The Natural Beauty Show discuss menopause

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A recent study has suggested that chocolate could offer menopausal women added health benefits if a small amount is consumed daily in a narrow window, an hour after waking. The notorious naughty treat has long been associated with weight gain as it is rich in fat, sugar and calories.

But researchers found it could help women going through the menopause burn fat and decrease their blood sugar levels.

Published in the FASEB Journal, the study by Brigham and Women’s Hospital in collaboration with the University of Murcia in Spain revealed eating milk chocolate at a certain time of day can impact a person’s body weight.

Spread over the course of two weeks, the findings suggested the effects of eating a concentrated amount of chocolate during a narrow window of time disregards the caloric intake.

The controlled trial saw 19 postmenopausal women consume 100g of chocolate in the morning within one hour after waking, or one hour before bedtime at night.

The results showed that the participants did not gain weight throughout the two week study, but in fact decreased their hunger and cravings for sweet foods in general.

It also increased fat burning by giving them a boost in physical activity throughout the day and positively impacted their sleep.

Dr Frank Scheer, who was part of the study, explained: “Our findings highlight that not only ‘what’ but also ‘when’ we eat can impact physiological mechanisms involved in the regulation of body weight.”

His colleague also involved in the research, Dr Marta Garaulet, added: “Our volunteers did not gain weight despite increasing caloric intake.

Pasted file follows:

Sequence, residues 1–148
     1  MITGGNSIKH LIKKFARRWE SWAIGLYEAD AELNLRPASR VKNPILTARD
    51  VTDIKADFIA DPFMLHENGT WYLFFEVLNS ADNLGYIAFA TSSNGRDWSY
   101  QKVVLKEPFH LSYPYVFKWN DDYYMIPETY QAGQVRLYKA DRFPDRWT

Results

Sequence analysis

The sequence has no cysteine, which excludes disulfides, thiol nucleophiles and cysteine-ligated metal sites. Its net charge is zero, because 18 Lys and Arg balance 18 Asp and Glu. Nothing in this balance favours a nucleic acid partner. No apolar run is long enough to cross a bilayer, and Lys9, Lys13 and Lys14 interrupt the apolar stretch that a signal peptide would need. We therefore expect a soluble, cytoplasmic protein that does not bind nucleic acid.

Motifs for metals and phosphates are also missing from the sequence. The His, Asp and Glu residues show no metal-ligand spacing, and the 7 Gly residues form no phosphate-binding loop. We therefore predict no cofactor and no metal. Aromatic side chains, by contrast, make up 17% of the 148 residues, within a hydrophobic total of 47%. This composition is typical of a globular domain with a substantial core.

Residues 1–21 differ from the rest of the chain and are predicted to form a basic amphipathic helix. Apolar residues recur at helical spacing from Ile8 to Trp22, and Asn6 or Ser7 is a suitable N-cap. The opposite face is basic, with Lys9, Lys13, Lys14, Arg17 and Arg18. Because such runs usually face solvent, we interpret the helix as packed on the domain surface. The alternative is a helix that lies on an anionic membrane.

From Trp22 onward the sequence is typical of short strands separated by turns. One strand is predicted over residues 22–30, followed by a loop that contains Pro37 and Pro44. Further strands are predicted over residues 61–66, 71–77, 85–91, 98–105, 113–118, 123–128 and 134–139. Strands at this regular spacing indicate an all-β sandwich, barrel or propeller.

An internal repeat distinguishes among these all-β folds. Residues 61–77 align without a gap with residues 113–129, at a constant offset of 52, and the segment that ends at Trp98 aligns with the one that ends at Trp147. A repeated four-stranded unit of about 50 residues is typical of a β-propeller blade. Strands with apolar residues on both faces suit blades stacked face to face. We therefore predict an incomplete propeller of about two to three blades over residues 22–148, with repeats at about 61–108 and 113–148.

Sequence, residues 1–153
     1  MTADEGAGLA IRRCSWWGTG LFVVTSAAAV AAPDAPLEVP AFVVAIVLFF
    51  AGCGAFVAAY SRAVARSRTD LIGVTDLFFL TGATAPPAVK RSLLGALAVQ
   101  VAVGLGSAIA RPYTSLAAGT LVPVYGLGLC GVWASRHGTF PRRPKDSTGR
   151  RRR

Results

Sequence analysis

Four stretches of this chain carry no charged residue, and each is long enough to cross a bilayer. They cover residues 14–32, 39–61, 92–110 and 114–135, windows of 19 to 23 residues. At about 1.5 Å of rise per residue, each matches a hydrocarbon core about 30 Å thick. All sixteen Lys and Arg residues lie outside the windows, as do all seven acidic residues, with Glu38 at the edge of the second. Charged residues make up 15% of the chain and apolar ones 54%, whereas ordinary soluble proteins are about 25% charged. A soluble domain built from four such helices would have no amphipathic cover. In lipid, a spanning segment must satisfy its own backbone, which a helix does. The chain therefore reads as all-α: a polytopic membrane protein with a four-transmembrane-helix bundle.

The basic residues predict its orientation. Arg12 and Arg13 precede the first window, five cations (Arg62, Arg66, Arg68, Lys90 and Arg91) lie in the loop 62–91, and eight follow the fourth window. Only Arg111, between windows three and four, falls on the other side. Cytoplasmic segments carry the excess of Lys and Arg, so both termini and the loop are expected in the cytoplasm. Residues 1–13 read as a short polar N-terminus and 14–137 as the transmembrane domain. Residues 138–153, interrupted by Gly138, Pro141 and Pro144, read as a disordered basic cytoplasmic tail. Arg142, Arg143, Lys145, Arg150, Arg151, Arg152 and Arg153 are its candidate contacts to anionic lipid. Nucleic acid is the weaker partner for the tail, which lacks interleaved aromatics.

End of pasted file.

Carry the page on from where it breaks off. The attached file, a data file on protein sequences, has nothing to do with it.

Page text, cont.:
“Our results show that chocolate reduced ad libitum energy intake, consistent with the observed reduction in hunger, appetite and the desire for sweets shown in previous studies.”

Thierry Muret, executive chef chocolatier at Godiva, explained why chocolate can become addictive.

He told The Manual: “In the cocoa beans, you have dopamine, phenylethylamine, caffeine, and anandamide.

“Anandamide is actually a happy neurotransmitter in your brain; it’s called the bliss molecule.

“So the anandamide makes you feel blessed, makes you feel happy, makes you feel good.”

He explained it’s “naturally in your brain”, but is only active for a short period of time.

“It seems that when you eat dark chocolate, you retain those anandamides longer and the caffeine is giving you energy.”

Dark chocolate has typically about half the sugar of milk chocolate and contains less (or no) milk.

As it has a higher percentage of cacao, it has more fibre, minerals and antioxidants, too.

More studies have shown that eating dark chocolate will satisfy sweet cravings and combat depression and other mood changes during menopause.

This is because dark chocolate contains magnesium, the mineral that helps raise serotonin levels responsible for stabilising moods.

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